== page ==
And then, the third one just recently in 2010, where I filmed some of the audience waiting to see Jimmy Carr in Bath. It didn’t feature Jimmy, or his material… there was nothing stolen, just some happy fans in a packed venue waiting to see Jimmy. Obviously I don’t agree with this one being banned, but Jimmy’s management have informed me they have a policy of no filming at the gigs – even if Jimmy is not on stage.

So in the five years I have been uploading content to Youtube, all 900 or so videos, I’ve broken the rules once. That’s 0.1% of the content I’ve uploaded that has caused an issue with a copyright holder. Is that consistent with the behaviour of a pirate, or a persistent copyright thief?

Jimmy Carr’s management have offered to withdraw their copyright violation claim, if it means I get my videos back. That’s a nice gesture by them and I hope it does allow my account to be restored.

I’ve sent a counter-claim against Jean-Michel Jarre’s record company. I never complained about it before, but if there really is a ‘3 strikes and you’re out’ policy, and I do manage to get my videos back, then it will still mean I am one complaint away from losing all my video again. One more incorrect claim I might stress, because I’m not sitting at home with DVD copies of ‘House’, uploading every episode.

More to follow, but I have not heard anything from Google’s press team yet. I’m writing the entire saga up for Computer Weekly and talking to some other journalists about what it means for those using Youtube as a video storage facility. But Google don’t seem to want to comment.

Google, Down’s Syndrome, and Jimmy Carr

Yesterday an Italian court convicted three Google executives of a privacy violation. Their crime? To not take action for several months after a video was uploaded to YouTube featuring a boy with Down’s syndrome being bullied.

Many technology commentators are outraged. The question is, how can Google be expected to possibly monitor every piece of content they publish?

Quite. So what’s my own experience of Google and Youtube this week? My Youtube account has been entirely deleted. Why? Because I uploaded a video I shot in Bath last Saturday and Youtube received a copyright violation notice from Chambers Management. My crime? To attend a gig by Jimmy Carr and to shoot some video of his happy fans expectantly waiting for him to appear on stage. No film of Jimmy. No jokes. No stealing his material. Just a short film under a minute of the fans all waiting expectantly in the packed-out Bath pavilion.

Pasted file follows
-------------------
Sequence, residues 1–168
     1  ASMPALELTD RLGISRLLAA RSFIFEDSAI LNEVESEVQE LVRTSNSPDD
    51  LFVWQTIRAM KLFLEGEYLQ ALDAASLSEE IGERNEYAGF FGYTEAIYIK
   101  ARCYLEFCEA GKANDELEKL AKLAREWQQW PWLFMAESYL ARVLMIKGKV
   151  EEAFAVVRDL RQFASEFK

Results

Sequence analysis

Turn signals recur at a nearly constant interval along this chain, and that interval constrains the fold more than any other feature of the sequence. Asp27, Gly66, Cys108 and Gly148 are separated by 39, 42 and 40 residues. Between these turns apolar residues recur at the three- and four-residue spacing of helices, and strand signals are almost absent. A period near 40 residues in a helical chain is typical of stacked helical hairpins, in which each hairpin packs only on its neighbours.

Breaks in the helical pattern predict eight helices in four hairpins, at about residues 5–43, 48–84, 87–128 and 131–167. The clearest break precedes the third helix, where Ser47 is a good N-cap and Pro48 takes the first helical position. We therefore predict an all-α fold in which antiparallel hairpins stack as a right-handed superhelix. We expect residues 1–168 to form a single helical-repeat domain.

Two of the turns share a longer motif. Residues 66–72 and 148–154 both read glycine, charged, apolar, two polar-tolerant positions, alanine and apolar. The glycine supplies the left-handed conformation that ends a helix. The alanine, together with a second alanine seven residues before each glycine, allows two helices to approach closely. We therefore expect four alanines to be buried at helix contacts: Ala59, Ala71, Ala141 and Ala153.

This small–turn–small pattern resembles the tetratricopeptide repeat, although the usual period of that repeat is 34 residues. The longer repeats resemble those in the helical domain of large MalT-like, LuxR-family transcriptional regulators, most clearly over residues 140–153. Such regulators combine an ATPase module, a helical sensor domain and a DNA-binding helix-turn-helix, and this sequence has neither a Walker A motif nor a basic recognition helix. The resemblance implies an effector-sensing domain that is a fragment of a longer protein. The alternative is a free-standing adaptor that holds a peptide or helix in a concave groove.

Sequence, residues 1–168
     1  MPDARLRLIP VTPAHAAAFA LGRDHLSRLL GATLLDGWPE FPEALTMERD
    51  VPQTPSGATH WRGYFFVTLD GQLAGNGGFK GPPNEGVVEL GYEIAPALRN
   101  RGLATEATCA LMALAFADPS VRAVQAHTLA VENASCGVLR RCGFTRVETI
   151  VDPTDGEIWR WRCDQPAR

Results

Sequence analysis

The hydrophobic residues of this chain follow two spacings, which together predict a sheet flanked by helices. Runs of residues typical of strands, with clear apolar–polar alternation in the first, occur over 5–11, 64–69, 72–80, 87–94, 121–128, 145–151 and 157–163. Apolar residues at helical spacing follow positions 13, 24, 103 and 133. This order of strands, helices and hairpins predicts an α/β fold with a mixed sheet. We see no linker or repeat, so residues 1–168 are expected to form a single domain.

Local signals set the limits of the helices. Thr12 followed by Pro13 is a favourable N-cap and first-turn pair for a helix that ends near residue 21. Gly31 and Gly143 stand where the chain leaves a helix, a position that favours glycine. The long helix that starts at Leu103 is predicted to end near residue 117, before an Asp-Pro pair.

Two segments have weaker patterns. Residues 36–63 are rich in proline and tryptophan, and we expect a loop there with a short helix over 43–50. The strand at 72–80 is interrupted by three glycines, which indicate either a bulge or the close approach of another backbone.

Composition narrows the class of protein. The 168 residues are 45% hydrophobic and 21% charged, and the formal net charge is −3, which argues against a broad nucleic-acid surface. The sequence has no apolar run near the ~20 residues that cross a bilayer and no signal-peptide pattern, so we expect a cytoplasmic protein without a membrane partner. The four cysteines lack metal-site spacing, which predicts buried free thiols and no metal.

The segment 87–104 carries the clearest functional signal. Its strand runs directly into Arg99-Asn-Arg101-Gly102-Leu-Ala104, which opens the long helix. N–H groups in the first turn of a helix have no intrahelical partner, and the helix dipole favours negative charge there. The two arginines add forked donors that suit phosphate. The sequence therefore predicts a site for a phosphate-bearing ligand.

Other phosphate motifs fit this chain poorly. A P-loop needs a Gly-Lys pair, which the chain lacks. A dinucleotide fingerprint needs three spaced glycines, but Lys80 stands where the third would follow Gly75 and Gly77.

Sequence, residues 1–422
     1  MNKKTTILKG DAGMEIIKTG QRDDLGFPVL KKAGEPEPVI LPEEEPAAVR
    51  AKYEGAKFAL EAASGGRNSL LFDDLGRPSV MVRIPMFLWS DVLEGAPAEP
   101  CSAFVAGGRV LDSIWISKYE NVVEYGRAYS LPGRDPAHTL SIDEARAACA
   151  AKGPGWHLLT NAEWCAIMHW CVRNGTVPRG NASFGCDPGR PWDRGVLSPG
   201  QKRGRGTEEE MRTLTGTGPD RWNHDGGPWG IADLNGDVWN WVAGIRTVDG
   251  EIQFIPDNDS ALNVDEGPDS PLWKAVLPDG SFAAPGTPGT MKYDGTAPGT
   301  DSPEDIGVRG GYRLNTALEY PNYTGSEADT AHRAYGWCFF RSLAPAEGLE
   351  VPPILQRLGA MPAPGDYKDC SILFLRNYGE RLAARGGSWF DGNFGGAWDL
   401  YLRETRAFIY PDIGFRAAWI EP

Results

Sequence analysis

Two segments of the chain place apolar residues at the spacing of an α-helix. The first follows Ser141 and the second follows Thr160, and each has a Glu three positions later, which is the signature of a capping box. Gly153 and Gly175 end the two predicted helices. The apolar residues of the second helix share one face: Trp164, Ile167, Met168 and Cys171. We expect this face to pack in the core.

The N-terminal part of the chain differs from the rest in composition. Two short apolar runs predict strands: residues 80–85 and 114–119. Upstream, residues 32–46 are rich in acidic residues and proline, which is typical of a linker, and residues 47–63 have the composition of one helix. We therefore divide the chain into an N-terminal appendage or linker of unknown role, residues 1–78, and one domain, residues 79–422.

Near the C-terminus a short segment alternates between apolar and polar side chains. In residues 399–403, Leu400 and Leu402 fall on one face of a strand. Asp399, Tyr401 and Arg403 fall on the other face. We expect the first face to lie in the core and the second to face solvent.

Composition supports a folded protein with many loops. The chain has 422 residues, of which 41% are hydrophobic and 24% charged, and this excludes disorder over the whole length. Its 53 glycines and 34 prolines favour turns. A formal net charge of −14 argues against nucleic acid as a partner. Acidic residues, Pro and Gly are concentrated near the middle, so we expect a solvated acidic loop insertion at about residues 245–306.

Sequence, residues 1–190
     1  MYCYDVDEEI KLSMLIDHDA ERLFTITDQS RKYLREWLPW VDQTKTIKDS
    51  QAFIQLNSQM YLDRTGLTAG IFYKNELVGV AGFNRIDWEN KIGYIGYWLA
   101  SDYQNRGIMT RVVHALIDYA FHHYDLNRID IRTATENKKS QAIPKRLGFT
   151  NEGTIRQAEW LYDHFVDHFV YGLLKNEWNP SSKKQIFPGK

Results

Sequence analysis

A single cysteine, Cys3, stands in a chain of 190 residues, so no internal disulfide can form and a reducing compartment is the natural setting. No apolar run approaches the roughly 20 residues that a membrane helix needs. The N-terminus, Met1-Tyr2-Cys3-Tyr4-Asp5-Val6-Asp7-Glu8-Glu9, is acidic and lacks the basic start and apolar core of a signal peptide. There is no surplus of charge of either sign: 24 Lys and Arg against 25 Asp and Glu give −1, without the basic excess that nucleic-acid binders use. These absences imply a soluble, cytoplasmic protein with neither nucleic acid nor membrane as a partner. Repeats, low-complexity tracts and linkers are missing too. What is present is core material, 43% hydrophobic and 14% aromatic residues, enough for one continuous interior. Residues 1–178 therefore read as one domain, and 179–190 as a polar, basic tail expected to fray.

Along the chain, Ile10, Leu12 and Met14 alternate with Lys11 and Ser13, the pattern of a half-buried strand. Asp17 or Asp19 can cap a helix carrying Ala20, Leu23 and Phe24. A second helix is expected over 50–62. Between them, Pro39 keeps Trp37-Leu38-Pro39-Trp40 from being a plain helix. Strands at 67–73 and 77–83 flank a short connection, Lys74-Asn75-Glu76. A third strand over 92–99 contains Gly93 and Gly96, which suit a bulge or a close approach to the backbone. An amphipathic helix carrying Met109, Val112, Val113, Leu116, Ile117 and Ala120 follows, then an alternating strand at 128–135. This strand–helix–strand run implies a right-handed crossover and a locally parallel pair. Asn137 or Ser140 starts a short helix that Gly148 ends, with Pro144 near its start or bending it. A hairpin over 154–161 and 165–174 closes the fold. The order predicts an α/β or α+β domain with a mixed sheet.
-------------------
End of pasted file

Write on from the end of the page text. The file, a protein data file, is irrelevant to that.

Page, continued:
Youtube did not even send me a message to say that Chambers were filing a copyright violation claim. They just deleted my account – so all my videos are gone. That’s around 900 videos shot over the past five years.

And were my videos typical of someone who is supposed to indulge in the theft of jokes from comedians? The last few videos I had uploaded were all about helping kids to understand globalisation. The ones before that were from a business conference I recently attended in India. Not a stolen joke in sight.

Chambers has been in touch with me. They are very apologetic. They just wanted the Jimmy Carr video removed, even if it did not actually contain any footage of Jimmy – their policy is that any film from the venue on the day of a gig also is in breach of copyright rules.

I don’t agree. It seems stupid. Some video from inside the Bath pavilion of a happy audience waiting to see a comedian is not going to ruin Jimmy Carr’s career, but then I’m not going to fight an impossible battle against their policy. I would be happy to remove that video if my other 900 videos and my account are reinstated.

Please Youtube/Google – can I have my video back?

Jimmy Carr killed my Youtube

I found out what happened to my Youtube account. [Take a look here for a blog post from yesterday that gives the backstory to this…]

I went to see the comedian Jimmy Carr at the Bath Pavilion on Saturday night. I shot a short video of the crowd waiting to see Jimmy on stage. It didn’t include any of Jimmy’s jokes or material, it was just the crowd waiting to see him.